The driver involved in the crash that killed “Everwood” actor Treat Williams pleaded not guilty Monday to a charge stemming from the June collision.
Ryan Koss, 35, of Vermont could be sentenced to up to 15 years in prison if he’s convicted of gross negligent operation causing death.
Williams, 71, was driving a motorcycle on Vermont Route 30 in Dorset on June 12 when Koss turned into his path, causing the actor to strike his SUV and be tossed off his bike, according to Vermont Police.
Koss was attempting to turn left into a parking lot in his 2008 Honda Element when he crossed directly in front of the Hollywood star driving a 1986 Honda VT700c motorcycle.
“Williams was unable to avoid a collision and was thrown from his motorcycle,” Vermont State Police said in the report.
Williams, who was wearing a helmet, was airlifted to Albany Medical Center in New York where he was pronounced dead.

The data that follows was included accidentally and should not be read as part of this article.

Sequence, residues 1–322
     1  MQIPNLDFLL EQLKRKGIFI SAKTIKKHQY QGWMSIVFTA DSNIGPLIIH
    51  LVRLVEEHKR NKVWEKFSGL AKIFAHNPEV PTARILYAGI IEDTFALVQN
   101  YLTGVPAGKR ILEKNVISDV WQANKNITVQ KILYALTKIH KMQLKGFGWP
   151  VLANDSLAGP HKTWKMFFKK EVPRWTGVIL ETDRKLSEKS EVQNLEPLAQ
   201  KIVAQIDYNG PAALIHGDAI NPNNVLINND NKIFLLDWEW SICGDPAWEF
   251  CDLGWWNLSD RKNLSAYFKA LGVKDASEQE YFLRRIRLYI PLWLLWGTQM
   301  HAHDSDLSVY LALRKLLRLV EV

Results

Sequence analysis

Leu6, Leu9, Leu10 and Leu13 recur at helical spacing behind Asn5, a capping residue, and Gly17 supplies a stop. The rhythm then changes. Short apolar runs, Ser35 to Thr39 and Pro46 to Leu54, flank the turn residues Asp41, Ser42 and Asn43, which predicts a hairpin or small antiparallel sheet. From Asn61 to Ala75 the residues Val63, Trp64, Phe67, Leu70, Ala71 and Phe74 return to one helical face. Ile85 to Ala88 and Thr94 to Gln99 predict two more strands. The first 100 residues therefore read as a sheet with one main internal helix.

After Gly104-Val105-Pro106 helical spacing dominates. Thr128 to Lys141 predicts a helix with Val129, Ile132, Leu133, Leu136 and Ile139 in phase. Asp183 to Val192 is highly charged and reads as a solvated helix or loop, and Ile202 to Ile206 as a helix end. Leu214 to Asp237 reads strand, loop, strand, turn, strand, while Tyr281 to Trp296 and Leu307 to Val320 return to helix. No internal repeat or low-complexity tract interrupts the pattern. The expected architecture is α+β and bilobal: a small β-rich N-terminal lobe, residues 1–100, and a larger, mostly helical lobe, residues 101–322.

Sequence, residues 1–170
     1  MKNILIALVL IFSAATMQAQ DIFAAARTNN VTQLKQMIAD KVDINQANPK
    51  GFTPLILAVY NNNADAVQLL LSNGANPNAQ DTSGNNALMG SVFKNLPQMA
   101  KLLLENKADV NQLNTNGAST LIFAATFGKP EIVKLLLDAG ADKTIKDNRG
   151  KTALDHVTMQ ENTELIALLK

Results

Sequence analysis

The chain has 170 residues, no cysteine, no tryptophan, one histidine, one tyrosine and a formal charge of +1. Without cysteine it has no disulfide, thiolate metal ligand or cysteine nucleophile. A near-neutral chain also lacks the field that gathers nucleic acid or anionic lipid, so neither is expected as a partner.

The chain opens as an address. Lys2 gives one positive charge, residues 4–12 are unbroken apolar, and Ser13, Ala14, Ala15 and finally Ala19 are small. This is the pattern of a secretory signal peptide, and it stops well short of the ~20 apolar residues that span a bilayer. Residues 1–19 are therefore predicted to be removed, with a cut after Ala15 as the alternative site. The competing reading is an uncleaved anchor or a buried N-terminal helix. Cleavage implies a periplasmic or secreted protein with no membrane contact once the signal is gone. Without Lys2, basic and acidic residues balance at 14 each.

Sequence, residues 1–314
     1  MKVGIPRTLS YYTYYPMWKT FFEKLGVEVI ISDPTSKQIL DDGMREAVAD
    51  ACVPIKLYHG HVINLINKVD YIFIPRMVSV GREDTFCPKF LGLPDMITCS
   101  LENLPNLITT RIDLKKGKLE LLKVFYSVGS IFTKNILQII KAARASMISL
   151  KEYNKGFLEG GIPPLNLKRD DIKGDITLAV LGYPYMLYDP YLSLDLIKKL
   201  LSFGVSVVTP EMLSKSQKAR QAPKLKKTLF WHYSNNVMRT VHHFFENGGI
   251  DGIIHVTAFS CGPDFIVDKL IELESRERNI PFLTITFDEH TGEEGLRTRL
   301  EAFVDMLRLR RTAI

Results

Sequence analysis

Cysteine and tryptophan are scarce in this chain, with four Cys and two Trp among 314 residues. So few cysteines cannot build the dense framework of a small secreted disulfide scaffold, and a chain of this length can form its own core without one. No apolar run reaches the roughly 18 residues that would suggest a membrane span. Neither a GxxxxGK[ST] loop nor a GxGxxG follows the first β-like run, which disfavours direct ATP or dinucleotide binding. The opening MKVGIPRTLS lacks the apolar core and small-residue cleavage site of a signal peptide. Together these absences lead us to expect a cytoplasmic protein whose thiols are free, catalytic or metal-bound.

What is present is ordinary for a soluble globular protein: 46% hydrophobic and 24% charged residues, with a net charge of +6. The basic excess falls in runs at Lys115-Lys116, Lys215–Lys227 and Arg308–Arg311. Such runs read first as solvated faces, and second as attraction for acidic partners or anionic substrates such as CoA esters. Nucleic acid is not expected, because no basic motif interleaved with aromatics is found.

The New York Medical Examiner determined that the actor’s cause of death was severe trauma and blood loss as a result of the crash, police said.
Treat Williams was killed in a crash earlier this year.Evan Agostini/Invision/AP
Koss, meanwhile, was not injured in the crash.
On Aug. 1, Bennington County State’s Attorney Erica Marthage requested Vermont State Police issue the citation against Koss.
He voluntarily met troopers at the Shaftsbury Barracks, where he was processed on the charge, photographed and released.
Koss, the managing creative director of the Dorset Theatre Festival in Vermont, said he knew Williams for years as a member of the tight-knit community and a fellow theater member and considered him a friend.
Ryan Koss, 35, of Vermont could be sentenced to up to 15 years in prison if he’s convicted of gross negligent operation causing death. AP
Koss gave his “sincerest condolences” to Williams’ family after the crash.AP
He issued a statement in August saying he was devastated by Williams’ death and offered his “sincerest condolences” to Williams’ family, but he denied wrongdoing and said charges weren’t warranted.
Williams was known for his breakout role as George Berger in the 1979 film “Hair,” which earned him a Golden Globe nomination.
He was also a two-time SAG Award nominee for his role as Dr. Andrew Brown in The WB television series “Everwood.”